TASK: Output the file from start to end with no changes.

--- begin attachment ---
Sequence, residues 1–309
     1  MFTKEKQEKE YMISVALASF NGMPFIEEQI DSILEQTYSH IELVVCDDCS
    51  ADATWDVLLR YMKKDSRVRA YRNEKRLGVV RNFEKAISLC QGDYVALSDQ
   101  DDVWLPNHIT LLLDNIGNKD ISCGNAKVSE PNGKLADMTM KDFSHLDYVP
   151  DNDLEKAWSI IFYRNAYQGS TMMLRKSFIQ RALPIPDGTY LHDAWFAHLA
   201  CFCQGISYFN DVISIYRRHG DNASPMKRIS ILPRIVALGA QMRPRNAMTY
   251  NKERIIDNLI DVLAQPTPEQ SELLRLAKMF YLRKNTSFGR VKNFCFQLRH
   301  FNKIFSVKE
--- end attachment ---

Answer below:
Sequence, residues 1–309
     1  MFTKEKQEKE YMISVALASF NGMPFIEEQI DSILEQTYSH IELVVCDDCS
    51  ADATWDVLLR YMKKDSRVRA YRNEKRLGVV RNFEKAISLC QGDYVALSDQ
   101  DDVWLPNHIT LLLDNIGNKD ISCGNAKVSE PNGKLADMTM KDFSHLDYVP
   151  DNDLEKAWSI IFYRNAYQGS TMMLRKSFIQ RALPIPDGTY LHDAWFAHLA
   201  CFCQGISYFN DVISIYRRHG DNASPMKRIS ILPRIVALGA QMRPRNAMTY
   251  NKERIIDNLI DVLAQPTPEQ SELLRLAKMF YLRKNTSFGR VKNFCFQLRH
   301  FNKIFSVKE